Not all that long ago our family gatherings were dreaded step-by-step odes to dysfunction. Step 1: My brother would inevitably make inappropriate comments and gestures. Step 2: My father would pretend not to hear him. Step 3: My mom would berate my brother and insist that he “act like an adult.” Step 4: My dad would tell my mom to control herself. Step 4: My uncle and cousin would look to hide under the table. Step 5: I’d join them. But over the past few years, much has changed. Though David only comes to New York two or three times per year (usually for Thanksgiving, Passover and Chanukah), he seems to enjoy the family banter that once caused him great dread. He’s amazing with my kids (“Uncle David, what did you bring us this time?” is a familiar refrain from my daughter, Casey), and no longer looks to irk Mom.

Back in Florida, he has a handful of close friends (made at work), goes out to bars and clubs a couple of times per month, relishes his alone time, which we used to erroneously view as a negative. “I’m comfortable being by myself,” he says. “I often prefer it.”

I think about what my brother has given me. There’s a sensitivity to others that comes with watching a sibling go through hell; an understanding and embracing of those born with difficulties. Because of David, I’ve long made a concerted effort to stop and talk to the so-called “outcasts” of my environs; to hear their stories and grasp their lives. Although my daughter is only 6, I have told her repeatedly about the way David was treated. “Be the kind of person who tries to understand,” I tell her. “It’s easy to pick on the weak link. It’s hard—but right—to befriend people who need friends.”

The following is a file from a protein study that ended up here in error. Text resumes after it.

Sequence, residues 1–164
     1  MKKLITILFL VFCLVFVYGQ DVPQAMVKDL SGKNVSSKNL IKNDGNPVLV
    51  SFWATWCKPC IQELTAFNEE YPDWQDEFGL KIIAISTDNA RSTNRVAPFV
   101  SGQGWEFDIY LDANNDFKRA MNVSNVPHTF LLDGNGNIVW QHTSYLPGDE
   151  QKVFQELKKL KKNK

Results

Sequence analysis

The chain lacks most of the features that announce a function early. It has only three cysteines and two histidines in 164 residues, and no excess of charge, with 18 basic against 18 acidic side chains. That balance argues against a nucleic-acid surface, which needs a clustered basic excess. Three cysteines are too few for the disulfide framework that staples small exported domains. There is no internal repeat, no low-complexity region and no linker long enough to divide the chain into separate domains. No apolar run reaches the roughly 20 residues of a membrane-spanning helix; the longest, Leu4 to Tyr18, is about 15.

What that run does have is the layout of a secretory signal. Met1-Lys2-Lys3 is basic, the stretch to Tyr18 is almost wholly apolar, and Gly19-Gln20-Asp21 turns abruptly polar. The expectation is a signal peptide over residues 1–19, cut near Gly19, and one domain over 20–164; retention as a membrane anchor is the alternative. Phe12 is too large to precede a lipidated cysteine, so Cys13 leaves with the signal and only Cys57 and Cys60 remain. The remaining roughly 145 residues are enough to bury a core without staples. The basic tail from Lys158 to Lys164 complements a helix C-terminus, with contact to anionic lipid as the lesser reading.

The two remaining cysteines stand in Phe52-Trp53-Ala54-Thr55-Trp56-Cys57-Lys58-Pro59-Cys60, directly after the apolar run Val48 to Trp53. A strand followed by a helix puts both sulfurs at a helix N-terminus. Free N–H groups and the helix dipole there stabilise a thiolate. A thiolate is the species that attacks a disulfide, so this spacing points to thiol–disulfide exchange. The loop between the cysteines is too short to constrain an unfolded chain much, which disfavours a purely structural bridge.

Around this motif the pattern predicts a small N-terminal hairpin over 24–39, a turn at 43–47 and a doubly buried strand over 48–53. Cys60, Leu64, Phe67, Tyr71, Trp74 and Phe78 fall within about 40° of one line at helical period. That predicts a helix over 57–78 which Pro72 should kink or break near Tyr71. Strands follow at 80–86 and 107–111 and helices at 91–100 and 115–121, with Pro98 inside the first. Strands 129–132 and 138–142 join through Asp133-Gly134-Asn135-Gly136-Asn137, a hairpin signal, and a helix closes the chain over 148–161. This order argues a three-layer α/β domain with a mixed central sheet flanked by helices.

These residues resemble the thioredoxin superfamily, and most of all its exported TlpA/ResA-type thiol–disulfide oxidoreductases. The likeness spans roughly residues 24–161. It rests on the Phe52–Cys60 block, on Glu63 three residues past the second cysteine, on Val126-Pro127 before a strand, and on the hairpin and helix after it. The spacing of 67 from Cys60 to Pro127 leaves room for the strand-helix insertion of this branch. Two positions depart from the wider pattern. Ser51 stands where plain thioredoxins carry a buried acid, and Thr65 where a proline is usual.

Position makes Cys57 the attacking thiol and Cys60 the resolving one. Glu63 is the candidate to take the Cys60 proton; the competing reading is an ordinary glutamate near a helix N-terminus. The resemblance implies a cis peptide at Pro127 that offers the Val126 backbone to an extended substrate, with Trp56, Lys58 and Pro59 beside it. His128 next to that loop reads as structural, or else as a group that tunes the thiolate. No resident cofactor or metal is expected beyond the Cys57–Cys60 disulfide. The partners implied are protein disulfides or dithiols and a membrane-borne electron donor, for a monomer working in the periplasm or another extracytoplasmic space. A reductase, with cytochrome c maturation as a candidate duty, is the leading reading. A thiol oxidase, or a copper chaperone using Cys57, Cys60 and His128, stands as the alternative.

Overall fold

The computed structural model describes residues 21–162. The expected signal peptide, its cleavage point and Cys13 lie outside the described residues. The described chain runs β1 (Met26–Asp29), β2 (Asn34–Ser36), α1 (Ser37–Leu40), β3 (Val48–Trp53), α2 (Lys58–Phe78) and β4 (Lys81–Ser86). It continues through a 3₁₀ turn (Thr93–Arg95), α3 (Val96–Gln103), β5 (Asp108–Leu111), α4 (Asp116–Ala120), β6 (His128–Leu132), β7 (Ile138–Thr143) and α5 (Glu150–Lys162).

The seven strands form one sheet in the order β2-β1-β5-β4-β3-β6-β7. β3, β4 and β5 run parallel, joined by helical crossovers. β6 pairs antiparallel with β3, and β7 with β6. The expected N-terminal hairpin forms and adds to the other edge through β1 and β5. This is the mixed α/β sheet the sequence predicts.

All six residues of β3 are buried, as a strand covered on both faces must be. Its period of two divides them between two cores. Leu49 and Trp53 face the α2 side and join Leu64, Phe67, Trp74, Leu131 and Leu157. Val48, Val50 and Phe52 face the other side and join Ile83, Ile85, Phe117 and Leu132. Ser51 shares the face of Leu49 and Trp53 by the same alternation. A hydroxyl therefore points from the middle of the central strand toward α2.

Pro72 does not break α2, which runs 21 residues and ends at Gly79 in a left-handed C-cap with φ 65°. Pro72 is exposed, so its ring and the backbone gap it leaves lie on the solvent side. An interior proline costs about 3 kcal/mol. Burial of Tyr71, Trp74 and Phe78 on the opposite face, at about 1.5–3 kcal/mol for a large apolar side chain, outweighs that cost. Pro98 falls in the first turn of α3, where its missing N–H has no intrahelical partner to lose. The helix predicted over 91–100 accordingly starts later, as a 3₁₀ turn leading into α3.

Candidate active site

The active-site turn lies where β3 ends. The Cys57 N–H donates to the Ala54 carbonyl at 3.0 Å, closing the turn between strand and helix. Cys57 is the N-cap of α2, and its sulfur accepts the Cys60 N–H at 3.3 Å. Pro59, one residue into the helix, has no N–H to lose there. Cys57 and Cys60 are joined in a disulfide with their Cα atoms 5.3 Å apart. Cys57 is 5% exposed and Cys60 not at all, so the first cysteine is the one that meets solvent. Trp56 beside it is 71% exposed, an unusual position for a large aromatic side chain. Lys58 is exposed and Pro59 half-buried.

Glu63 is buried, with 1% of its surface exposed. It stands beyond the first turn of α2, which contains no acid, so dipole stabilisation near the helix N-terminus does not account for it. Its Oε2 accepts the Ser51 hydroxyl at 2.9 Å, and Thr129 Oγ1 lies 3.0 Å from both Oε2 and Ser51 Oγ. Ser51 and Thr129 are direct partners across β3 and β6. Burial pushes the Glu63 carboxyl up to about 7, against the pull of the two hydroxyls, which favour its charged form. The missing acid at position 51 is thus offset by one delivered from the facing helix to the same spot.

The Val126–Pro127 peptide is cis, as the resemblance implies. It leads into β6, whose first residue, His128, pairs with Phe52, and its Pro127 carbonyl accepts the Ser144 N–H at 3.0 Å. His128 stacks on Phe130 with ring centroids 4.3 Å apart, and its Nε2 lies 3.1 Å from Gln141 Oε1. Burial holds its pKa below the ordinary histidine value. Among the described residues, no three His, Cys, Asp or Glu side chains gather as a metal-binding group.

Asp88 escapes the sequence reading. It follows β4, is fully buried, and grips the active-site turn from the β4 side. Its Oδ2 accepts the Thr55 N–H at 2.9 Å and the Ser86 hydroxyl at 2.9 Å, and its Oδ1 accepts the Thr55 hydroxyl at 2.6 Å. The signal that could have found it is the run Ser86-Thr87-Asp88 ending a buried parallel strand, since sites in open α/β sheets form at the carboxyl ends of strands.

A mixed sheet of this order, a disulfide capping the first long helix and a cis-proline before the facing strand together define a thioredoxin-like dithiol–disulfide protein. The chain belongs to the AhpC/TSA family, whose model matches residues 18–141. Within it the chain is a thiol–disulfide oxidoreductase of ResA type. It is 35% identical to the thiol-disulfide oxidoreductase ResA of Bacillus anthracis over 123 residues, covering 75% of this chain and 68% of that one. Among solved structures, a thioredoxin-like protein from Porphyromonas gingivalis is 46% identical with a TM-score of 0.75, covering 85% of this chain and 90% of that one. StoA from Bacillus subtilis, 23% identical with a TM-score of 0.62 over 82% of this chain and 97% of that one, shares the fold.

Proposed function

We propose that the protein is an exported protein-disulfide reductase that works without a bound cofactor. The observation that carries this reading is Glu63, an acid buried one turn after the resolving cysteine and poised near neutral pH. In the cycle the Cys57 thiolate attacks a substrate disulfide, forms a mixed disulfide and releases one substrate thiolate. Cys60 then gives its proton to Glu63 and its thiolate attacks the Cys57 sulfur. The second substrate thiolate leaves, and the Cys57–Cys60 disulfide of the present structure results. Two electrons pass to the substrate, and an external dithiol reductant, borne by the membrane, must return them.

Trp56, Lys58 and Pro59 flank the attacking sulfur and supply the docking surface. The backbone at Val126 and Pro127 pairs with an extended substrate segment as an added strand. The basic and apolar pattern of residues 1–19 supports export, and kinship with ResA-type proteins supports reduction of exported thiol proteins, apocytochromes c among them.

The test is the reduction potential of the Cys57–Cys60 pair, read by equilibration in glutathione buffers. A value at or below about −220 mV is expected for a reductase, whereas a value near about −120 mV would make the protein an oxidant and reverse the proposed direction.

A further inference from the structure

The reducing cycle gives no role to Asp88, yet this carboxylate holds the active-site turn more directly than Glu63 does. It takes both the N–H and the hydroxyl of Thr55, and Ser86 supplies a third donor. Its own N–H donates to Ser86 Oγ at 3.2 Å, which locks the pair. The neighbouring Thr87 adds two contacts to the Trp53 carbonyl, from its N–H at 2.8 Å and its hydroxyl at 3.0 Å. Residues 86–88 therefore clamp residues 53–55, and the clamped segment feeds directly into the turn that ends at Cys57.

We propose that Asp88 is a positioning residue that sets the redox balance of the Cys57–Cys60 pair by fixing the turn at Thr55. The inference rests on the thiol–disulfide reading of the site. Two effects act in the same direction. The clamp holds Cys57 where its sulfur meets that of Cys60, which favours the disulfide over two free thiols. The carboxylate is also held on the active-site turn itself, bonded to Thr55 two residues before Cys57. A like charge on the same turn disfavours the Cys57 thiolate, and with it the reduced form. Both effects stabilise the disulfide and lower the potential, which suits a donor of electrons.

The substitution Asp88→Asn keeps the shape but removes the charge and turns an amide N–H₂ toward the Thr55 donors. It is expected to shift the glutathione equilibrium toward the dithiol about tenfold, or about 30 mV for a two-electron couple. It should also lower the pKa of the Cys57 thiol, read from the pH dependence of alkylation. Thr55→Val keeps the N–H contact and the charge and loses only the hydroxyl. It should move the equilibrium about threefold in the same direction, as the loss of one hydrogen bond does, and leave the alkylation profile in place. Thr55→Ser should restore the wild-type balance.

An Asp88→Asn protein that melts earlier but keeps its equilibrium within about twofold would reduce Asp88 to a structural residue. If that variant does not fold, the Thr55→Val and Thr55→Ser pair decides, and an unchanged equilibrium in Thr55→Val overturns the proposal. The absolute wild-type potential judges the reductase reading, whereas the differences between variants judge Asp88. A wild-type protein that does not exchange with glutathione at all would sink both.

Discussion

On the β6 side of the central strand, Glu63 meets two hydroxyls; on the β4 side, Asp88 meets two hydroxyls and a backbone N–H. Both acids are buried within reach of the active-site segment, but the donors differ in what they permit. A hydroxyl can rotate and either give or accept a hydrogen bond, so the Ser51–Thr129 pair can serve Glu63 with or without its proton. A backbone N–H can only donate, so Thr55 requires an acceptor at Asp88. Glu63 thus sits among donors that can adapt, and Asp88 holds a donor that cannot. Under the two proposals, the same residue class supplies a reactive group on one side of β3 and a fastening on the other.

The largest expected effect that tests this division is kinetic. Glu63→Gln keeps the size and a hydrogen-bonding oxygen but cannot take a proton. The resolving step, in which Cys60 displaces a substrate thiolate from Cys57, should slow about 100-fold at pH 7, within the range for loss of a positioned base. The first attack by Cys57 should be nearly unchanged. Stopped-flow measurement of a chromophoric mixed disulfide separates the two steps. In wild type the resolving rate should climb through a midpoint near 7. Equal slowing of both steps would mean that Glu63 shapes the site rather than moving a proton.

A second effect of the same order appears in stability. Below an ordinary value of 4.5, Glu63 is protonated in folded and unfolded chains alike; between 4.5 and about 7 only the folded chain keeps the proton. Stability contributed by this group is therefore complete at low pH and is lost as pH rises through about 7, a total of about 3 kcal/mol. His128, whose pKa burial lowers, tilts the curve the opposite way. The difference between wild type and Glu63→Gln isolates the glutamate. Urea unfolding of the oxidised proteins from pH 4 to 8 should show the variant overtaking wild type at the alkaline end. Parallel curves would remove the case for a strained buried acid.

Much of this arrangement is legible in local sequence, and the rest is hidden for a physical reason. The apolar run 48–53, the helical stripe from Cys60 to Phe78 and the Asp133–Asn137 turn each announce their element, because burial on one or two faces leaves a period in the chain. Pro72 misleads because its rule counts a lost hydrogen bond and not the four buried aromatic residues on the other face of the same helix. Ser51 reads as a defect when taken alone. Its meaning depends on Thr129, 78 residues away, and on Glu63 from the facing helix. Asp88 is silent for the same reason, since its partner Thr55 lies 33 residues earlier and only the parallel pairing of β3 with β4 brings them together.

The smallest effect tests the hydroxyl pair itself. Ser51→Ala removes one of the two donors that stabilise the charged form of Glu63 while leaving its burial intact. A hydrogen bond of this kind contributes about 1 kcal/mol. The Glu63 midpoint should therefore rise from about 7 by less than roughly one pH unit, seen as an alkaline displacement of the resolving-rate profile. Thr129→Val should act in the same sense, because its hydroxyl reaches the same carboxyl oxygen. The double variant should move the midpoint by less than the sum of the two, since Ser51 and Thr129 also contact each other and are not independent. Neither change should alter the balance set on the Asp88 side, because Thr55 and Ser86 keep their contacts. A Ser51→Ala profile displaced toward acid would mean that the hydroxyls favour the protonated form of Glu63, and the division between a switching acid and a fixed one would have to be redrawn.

Toward the end of our dinner, as the conversation begins to wane, I ask my brother whether he knows how proud I am. The sentiment confuses him—“Why?” he asks, genuinely perplexed.

“Because you always had it harder than I did, and you fought like hell,” I say. “You’re a terrific person, and you’ve made it on your own.”

There’s more I need to say. I want to tell him that I’m sorry about not standing up for him. That he deserved better. That he’s my hero. That I wish I were half the man he is. That I love him.

But, alas, we are two brothers, sitting in a Mexican restaurant, having a discussion that, once upon a time, I never thought possible.

I prefer to cherish the moment.